Calabria is connected by the Monte Pollino massif, while on the east, south and west it is surrounded by the Ionian and Tyrrhenian seas. The region is a long and narrow peninsula which stretches from north to south for 248 km (154 mi), with a maximum width of 110 km (68 mi). Some 42% of Calabria's area, corresponding to 15,080 km2, is mountainous, 49% is hilly, while plains occupy only 9% of the region's territory. It is separated from Sicily by the Strait of Messina, where the narrowest point between Capo Peloro in Sicily and Punta Pezzo in Calabria is only 3.2 km (2 mi).
It is mainly a mountainous region. Three mountain ranges are present: Pollino, La Sila and Aspromonte. All three mountain ranges are unique with their own flora and fauna. The Pollino Mountains in the north of the region are rugged and form a natural barrier separating Calabria from the rest of Italy. Parts of the area are heavily wooded, while others are vast, wind-swept plateaus with little vegetation. These mountains are home to a rare Bosnian Pine variety, and are included in the Pollino National Park. La Sila is a vast mountainous plateau, about 1,200 metres above sea level, which stretches for nearly 2,000 square kilometres along the central part of Calabria. The highest point is Botte Donato, which reaches 1,928 metres. The area boasts numerous lakes and dense coniferous forests. The Aspromonte massif forms the southernmost tip of the Italian peninsula bordered by the sea on three sides. This unique mountainous structure reaches its highest point at Montalto, at 1,995 metres, and is full of wide, man-made terraces that slope down towards the sea.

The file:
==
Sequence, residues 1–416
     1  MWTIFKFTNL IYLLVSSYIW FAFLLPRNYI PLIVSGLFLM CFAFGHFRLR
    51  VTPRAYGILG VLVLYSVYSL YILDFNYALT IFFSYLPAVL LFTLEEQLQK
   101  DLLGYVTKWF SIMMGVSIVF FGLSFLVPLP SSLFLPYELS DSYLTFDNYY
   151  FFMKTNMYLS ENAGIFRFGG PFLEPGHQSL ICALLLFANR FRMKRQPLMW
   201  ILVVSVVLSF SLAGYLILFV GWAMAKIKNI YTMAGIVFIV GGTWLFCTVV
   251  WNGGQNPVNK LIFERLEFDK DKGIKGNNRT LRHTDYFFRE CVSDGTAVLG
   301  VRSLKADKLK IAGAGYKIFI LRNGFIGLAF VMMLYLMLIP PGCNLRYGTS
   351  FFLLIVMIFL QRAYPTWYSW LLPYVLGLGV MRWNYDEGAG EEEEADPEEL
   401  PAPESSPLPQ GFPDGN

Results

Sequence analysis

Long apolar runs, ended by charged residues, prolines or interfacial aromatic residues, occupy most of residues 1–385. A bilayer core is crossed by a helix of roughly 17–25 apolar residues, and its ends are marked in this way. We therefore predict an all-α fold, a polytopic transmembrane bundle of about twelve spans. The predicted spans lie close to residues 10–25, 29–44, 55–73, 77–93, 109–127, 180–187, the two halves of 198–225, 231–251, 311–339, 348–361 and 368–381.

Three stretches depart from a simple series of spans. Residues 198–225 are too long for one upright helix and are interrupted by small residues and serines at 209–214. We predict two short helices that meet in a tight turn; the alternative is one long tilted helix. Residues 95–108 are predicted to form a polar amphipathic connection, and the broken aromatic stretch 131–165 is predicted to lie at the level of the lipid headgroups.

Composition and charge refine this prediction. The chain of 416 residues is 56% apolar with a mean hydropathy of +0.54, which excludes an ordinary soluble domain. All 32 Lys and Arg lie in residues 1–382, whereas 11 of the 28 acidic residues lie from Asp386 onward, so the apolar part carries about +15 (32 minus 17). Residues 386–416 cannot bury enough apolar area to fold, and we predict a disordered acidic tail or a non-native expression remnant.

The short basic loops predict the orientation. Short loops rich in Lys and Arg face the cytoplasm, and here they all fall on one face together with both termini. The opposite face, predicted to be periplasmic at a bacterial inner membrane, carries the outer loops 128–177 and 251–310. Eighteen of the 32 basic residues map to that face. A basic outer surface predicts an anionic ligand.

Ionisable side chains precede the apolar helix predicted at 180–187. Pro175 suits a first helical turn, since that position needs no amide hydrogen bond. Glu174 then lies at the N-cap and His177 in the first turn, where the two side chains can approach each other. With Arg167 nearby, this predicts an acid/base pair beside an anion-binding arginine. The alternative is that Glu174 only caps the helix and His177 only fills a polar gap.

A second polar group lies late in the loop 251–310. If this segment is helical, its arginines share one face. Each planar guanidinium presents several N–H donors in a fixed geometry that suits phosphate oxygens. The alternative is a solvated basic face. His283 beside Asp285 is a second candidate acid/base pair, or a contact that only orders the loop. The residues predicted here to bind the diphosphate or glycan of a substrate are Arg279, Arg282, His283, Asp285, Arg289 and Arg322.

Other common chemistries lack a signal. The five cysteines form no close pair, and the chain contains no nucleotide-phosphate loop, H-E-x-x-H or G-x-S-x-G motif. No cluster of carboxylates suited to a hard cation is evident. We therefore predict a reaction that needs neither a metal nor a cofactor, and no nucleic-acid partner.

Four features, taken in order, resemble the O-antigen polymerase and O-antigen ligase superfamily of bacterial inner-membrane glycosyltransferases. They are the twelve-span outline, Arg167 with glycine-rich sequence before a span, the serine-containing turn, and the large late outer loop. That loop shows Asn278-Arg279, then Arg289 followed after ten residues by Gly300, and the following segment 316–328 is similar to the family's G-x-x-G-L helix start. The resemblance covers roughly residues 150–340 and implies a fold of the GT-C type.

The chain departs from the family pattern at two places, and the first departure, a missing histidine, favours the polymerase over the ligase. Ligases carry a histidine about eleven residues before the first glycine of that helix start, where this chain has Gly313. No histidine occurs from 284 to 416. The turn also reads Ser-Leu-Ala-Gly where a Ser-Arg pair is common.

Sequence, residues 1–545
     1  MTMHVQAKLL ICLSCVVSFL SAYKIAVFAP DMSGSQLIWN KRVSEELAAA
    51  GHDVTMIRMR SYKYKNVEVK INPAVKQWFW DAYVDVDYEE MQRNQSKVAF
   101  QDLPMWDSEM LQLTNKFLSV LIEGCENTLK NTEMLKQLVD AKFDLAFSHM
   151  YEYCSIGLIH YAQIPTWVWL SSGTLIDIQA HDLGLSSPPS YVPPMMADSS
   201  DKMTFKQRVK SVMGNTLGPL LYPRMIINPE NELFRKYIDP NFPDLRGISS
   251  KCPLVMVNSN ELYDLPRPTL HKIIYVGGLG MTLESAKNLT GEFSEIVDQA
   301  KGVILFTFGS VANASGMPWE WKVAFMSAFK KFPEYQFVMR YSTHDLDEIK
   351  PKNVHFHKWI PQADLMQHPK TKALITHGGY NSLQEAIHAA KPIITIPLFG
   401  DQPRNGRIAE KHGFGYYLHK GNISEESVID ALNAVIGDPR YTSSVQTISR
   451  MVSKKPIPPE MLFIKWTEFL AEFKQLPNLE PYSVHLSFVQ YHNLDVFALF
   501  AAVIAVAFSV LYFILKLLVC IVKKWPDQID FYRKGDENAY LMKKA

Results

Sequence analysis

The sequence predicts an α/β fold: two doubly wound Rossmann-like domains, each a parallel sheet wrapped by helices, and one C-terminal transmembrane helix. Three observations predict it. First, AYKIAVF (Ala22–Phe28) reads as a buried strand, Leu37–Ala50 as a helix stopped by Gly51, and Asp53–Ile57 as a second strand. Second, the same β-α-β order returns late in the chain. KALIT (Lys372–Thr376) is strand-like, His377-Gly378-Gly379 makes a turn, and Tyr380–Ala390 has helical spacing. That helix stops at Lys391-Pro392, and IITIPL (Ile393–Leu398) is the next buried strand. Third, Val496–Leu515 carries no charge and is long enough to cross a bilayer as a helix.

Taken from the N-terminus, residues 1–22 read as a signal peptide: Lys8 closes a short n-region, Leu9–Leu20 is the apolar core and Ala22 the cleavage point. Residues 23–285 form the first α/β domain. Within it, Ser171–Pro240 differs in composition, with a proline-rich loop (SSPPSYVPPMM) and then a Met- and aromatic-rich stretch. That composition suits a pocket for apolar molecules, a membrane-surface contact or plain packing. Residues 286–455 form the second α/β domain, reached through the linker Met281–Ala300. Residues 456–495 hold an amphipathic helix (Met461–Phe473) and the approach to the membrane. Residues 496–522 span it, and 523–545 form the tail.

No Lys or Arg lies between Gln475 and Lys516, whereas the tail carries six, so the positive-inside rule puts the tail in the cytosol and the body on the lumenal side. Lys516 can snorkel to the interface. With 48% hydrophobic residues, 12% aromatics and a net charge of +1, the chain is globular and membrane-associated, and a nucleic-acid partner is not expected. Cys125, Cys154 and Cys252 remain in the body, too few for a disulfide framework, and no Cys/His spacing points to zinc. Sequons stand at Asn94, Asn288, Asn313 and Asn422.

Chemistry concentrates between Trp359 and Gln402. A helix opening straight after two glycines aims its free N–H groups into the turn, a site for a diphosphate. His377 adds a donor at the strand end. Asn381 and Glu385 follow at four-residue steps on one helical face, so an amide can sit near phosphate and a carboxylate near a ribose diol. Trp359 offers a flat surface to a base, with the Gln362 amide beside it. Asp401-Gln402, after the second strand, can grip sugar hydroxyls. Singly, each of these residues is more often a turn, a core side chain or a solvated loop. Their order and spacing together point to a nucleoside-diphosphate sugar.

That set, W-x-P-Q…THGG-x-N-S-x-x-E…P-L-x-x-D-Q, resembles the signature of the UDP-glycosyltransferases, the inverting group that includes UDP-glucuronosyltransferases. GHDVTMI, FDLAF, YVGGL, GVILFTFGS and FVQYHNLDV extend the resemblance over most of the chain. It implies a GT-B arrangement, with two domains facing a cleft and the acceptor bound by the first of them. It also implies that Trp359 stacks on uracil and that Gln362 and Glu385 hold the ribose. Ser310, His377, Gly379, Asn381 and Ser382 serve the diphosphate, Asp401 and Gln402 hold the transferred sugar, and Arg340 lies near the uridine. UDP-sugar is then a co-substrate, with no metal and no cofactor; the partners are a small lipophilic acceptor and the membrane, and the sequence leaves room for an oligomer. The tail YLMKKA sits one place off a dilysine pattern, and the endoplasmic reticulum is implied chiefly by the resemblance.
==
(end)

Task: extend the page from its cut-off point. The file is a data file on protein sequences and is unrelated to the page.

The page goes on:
In general, most of the lower terrain in Calabria has been agricultural for centuries, and exhibits indigenous scrubland as well as introduced plants such as the prickly pear cactus. The lowest slopes are rich in vineyards and citrus fruit orchards. The Diamante citron is one of the citrus fruits. Moving upwards, olives and chestnut trees appear while in the higher regions there are often dense forests of oak, pine, beech and fir trees.
The climate is influenced by the mountainous and hilly relief of the region: cold in the area of Monte Pollino, temperate with a very limited temperature range in the area of Aspromonte, while the Sila and Serre massifs ensure greater humidity on the Tyrrhenian coast and a drier climate on the Ionian coast.
Belmonte was founded in about 1270, under the reign of King Charles I of Anjou, with the construction of a castle in the territory of Amantea by Drogone di Beaumont, the marshal responsible for new fortification in Calabria, in order to provide resistance against partisans fighting for the claimant Conradin of Hohenstaufen.
During the War of the Sicilian Vespers (1282), Belmonte was conquered by Sicilian-Aragonese troops. It was elevated to the status of county, and assigned to Peter Salvacossa. In 1360 the county was awarded by Queen Joan II of Naples to a family of Amantea, which maintained it until 1443. In that year the Aragonese transformed Belmonte into a barony and assigned it to the Tarsia family, who maintained it until 1578. During the feudal tenure of this family the petrarchan poet Galeazzo di Tarsia composed his canzoniere, or Book of Songs, in the castle of Belmonte.